2. Growing our empathic senses
    3. Intentional use and awareness of body language
    4. Establishing boundaries; Asking student input in establishing boundaries

Learners do not fit a single mold and often have complicated lives with various responsibilities and needs. When we practice as educators how to grow our empathy, this requires understanding that not all learners have the same experiences. A learner who is a parent or primary caregiver will have responsibilities that require some bending to arbitrary rules such as ‘no phone’ policies with punitive consequences. When educators practice actively engaging students in establishing the boundaries in a learning space, it makes room for learners to be open and honest about their needs. It also requires the educator to be accountable for specific policies and explaining their logic. Educators should be willing to shift policies based on everyone’s needs in the classroom. If given the opportunity, the above learner could have communicated the need to be digitally available. In this scenario, you, as the instructor, have the choice to take into consideration the learners’ needs and concerns around implementing specific classroom policies or agreements.

2. You are teaching a general Social Sciences course that fulfills a requirement on Immigrant Communities. Your lecture on Immigration Law causes a heated debate when one student declares, “Allowing immigrants to come here illegally increases crime.” A group of students starts to individually question the person and their statements and begin to tease the student. The rest of the class laughs.

    1. Taking action to mediate
    2. Giving time
    3. Intentional use and awareness of body language; Breathing
    4. Establishing boundaries; Sharing responsibilities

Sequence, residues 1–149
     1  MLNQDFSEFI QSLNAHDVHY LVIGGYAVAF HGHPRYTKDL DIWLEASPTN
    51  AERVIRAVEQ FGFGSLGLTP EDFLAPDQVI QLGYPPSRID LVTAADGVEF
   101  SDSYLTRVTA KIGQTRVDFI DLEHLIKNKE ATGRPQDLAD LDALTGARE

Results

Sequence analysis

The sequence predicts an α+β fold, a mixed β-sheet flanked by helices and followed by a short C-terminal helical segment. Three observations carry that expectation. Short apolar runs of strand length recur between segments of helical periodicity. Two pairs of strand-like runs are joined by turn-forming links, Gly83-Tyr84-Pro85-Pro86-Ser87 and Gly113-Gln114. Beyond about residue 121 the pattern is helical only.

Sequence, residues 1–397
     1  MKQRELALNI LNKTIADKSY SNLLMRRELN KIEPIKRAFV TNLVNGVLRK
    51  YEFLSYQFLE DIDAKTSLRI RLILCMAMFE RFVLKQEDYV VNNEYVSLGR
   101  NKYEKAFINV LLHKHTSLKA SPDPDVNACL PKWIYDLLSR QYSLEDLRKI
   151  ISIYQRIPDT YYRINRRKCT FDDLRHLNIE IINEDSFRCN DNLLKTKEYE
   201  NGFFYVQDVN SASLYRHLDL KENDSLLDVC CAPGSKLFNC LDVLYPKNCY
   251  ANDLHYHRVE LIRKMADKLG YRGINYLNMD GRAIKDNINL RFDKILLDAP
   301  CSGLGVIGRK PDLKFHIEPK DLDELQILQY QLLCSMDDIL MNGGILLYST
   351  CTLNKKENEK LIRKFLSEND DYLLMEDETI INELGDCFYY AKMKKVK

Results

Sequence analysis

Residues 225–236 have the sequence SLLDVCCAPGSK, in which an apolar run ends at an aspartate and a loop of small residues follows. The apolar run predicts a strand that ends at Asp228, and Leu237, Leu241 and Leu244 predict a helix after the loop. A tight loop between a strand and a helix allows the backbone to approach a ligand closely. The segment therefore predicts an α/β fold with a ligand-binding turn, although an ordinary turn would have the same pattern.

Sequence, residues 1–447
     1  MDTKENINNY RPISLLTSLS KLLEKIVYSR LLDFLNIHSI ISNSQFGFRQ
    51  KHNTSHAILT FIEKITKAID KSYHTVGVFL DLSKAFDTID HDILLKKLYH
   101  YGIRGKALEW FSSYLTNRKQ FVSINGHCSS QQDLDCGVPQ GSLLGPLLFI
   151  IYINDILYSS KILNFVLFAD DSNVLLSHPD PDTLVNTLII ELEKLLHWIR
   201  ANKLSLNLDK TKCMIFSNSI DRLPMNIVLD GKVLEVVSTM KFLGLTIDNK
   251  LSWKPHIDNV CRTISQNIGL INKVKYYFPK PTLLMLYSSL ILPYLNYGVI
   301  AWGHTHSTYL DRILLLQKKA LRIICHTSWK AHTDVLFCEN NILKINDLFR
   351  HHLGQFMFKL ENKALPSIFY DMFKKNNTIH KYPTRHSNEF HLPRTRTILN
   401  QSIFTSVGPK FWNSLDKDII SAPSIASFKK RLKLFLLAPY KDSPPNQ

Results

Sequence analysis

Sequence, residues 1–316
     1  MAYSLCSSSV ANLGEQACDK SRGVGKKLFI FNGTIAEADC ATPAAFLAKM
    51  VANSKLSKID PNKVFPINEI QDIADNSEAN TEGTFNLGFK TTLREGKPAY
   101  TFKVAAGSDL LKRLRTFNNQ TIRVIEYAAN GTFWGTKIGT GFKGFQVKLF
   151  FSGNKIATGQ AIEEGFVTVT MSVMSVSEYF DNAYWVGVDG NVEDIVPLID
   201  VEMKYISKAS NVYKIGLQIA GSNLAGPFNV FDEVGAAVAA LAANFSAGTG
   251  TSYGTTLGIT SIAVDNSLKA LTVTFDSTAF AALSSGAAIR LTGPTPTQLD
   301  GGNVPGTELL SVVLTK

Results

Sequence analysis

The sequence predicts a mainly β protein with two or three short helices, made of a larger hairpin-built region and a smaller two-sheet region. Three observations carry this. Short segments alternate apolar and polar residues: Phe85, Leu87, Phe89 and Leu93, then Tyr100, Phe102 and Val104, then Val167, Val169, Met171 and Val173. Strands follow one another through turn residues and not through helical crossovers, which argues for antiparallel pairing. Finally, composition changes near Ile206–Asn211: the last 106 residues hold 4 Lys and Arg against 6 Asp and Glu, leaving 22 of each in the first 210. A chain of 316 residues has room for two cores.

This scenario should be acknowledged and diffused. Here, a harmful and biased comment was stated in the learning space and met with teasing, another form of harm. As the instructor, you can commit to mediate by stepping in and stopping the conversation. This can be verbal and, or it can involve physically positioning your body in the middle of the students with open arms. Leading the class in a moment of collective or individual breathing exercise can lower the stakes for everyone. The educator can carve out time to process the interaction individually or collectively. If people in this scenario feel harmed, it is essential to address it and understand in the classroom how that may not align with previously established boundaries.

It is crucial to acknowledge conflicts when they occur in the classroom, and to mediate or de-escalate, especially if the conflict causes harm. There are many strategies to employ when conflict arises. Some conflicts can be met with multiple strategies, while other conflicts should be met with a context-specific strategy. Engaging conflict allows for diversification of perspective in the classroom and is a vital part of decolonizing our pedagogical practices. The more that learners are incorporated into decision making processes in the classroom, the more comfortable they will become in expressing their novel and unconventional thoughts and ideas. The role of conflict as a pedagogical tool remains under theorized. Conflict is crucial to understanding the nuances of differences in diverse learning communities, and understanding their role encourages a more inclusive learning environment.

Talisa Feliciano is a PhD Candidate in Cultural Anthropology and has worked as an adjunct educator at City College, Hunter College, and Brooklyn College .